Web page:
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Publication #EENY-221

Brown Dog Tick, Rhipicephalus sanguineus Latreille (Arachnida: Acari: Ixodidae)1

C. C. Lord2


The brown dog tick, Rhipicephalus sanguineus Latreille, is unusual among ticks, in that it can complete its entire life cycle indoors. Because of this, it can establish populations in colder climates, and has been found in much of the world. Many tick species can be carried indoors on animals, but cannot complete their entire life cycle inside. Although R. sanguineus will feed on a wide variety of mammals, dogs are the preferred host in the US and appear to be required to develop large infestations.

Infestations in houses can explode to very high levels quickly. Typically, a few ticks are brought into the house or kennel, often on a dog which has been away from home. The early stages of the infestation, when only a few individuals are present, are often missed completely. The first indication the dog owner has that there is a problem is when they start noticing ticks crawling up the walls or curtains!


The tick is found world-wide, more commonly in warmer climates, and is found on dogs, in kennels and houses, and occasionally on wildlife. It is present throughout Florida.

Description and Identification

Among ticks in Florida, this tick is easily recognized. It is small, red-brown in color (called the red dog tick in other parts of the world), and lacking any ornamentation. Although not sufficient for formal identification, it can be recognized by its by red-brown color, elongated body shape, and hexagonal basis capituli. The hexagonal basis capituli is a particularly good identifying character, as only one other tick species with this feature has ever been found in Florida (Boophilus annulatus, the cattle tick). The cattle tick was eradicated from Florida many years ago, so ticks found in Florida now with a hexagonal basis captituli are almost certainly R. sanguineus.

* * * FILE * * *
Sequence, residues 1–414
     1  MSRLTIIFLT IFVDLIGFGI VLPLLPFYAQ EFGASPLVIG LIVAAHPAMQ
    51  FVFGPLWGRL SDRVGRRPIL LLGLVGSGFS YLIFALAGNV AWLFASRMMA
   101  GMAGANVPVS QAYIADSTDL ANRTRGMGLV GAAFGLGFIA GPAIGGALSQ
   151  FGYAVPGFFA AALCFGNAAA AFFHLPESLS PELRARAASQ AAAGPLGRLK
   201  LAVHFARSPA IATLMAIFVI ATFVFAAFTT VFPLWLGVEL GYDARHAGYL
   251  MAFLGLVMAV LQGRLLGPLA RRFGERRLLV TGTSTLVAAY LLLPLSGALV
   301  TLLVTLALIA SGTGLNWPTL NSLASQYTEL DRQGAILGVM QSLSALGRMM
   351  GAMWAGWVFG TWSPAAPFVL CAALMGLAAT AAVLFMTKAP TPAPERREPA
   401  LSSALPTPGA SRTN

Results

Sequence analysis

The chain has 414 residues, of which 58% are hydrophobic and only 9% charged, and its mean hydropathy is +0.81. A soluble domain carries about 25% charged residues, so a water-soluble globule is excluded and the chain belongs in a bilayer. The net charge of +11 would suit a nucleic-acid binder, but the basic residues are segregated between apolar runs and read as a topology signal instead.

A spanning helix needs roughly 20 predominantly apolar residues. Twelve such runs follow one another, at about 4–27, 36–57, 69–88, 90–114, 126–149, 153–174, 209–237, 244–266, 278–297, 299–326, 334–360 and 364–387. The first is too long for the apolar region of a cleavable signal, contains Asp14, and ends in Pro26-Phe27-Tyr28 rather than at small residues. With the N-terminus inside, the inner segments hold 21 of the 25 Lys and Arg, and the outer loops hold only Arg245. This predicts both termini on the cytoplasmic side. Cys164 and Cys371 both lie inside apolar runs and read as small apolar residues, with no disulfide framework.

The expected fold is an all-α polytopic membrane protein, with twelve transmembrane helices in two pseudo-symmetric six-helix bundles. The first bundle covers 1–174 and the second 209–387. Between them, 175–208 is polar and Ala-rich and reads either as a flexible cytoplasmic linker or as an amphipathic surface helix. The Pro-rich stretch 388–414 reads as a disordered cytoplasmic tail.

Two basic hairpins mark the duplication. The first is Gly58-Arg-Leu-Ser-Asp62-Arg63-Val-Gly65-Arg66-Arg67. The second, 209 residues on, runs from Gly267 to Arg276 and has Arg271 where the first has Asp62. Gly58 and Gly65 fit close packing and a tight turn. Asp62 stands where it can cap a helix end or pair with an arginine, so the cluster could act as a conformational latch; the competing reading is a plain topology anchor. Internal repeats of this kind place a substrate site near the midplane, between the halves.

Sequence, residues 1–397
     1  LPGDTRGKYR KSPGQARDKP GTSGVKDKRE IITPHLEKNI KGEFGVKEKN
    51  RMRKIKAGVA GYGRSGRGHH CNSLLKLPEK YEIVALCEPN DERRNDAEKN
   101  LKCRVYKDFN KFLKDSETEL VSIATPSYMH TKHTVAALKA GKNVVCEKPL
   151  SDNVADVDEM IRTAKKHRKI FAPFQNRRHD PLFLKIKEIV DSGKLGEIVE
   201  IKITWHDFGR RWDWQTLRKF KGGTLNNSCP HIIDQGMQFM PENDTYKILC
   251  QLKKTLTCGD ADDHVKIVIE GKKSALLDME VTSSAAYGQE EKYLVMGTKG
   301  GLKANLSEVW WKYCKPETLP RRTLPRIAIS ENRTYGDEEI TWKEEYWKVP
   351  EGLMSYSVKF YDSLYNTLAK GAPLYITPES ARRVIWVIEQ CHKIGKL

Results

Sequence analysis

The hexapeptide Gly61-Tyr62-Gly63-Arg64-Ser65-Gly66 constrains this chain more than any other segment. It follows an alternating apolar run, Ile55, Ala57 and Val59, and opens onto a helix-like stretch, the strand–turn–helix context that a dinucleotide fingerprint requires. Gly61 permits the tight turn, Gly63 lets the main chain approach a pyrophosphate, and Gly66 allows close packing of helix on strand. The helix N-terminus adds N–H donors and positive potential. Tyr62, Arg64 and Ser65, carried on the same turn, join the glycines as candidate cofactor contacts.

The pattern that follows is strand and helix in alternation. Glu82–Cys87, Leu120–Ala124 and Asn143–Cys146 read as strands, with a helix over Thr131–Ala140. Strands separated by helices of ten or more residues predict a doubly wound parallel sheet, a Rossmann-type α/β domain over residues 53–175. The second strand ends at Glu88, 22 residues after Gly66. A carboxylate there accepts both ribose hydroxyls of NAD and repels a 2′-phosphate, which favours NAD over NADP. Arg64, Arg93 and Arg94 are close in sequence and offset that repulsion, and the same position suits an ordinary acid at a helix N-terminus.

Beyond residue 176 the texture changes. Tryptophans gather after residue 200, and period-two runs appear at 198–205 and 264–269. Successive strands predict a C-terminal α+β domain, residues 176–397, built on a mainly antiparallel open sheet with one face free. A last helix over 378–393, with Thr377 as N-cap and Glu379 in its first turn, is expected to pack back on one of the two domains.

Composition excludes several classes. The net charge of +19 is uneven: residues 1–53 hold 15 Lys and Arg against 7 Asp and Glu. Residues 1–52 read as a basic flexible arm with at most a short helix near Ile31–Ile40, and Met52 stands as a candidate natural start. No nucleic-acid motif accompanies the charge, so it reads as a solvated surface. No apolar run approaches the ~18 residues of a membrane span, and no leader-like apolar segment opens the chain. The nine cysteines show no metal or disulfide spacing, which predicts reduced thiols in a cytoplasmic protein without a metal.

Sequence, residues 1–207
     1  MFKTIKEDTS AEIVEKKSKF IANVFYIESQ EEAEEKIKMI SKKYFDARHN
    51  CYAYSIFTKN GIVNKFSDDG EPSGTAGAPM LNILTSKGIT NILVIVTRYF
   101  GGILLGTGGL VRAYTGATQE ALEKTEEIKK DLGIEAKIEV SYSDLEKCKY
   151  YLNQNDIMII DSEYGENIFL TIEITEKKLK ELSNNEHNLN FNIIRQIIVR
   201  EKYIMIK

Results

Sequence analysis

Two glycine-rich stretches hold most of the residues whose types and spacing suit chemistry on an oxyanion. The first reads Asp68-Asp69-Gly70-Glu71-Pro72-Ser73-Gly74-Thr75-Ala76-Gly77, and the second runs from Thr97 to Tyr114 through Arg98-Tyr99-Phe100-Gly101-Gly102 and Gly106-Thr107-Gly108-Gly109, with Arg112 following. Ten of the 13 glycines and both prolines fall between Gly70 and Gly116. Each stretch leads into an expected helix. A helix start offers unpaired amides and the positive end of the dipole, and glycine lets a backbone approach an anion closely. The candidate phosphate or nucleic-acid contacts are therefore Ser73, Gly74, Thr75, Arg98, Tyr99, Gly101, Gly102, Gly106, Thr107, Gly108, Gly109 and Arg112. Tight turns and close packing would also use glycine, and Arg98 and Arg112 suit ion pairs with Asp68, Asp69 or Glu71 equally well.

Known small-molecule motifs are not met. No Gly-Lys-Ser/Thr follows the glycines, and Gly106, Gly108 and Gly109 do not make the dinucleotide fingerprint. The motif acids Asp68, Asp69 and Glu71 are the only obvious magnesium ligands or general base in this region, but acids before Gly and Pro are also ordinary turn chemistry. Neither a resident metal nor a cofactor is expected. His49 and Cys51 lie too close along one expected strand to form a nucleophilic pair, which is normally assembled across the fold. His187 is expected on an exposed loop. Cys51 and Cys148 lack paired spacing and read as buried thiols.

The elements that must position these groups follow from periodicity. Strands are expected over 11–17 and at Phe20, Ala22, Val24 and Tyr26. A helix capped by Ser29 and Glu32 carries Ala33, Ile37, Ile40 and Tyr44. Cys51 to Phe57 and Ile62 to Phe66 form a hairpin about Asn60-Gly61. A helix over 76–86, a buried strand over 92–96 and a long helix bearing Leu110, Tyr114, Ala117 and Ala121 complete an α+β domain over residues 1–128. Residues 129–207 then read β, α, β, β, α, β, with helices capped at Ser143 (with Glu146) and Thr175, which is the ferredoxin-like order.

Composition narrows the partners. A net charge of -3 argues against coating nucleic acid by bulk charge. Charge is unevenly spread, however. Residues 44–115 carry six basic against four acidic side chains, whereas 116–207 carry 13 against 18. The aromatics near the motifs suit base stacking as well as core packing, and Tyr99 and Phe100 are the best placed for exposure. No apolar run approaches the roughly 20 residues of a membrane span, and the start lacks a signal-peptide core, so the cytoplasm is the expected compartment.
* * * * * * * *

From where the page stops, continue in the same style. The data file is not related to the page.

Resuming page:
Figure 1. 

Life stages of the brown dog tick, Rhipicephalus sanguineus Latreille. Clockwise from top right, larva, male, female, nymph.


James Newman, UF/IFAS

[Click thumbnail to enlarge.]

Figure 2. 

Hexagonal basis capituli, an identifying character for the brown dog tick, Rhipicephalus sanguineus Latreille.


James Newman, UF/IFAS

[Click thumbnail to enlarge.]


In the US, the brown dog tick prefers to feed on dogs in all stages. However, it will feed on other mammals, including domestic animals and humans. This is most likely to occur if it can't find a dog nearby, so beware of trying to control the tick by removing the dogs! Elsewhere in the world, it is more frequently found feeding on other mammals. This difference in host preference is not completely understood, but is probably related to the animals available and differences in the populations from the original introductions into new areas. In the southeastern US, it has been reported occasionally from rodents and deer, but most collections are from dogs and (much less commonly) humans.

Life Cycle

Ixodid ticks require three blood meals to complete development; once each as a larva, nymph and adult. The brown dog tick is a 3-host tick; this indicates that it leaves the host to develop and molt between the larval, nymphal and adult stages. Each stage must locate a host; in a domestic environment this may result in feeding on the same dog (if there is only one or a few dogs present), but there is an opportunity for the same tick to feed on three different hosts.

A fully blood-fed female brown dog tick can lay up to 5000 eggs; the number of eggs laid depends on the size of the tick and the amount of blood she ingested. The length of time each stage feeds, and the time required for development and molting, are very dependent on temperature. Feeding and development times are generally faster at warmer temperatures. Survival is generally higher at cooler temperatures and higher relative humidity, but these ticks are tolerant of a wide range in conditions.

Figure 3. 

Life cycle of the brown dog tick, Rhipicephalus sanguineus Latreille.


James Newman, UF/IFAS

[Click thumbnail to enlarge.]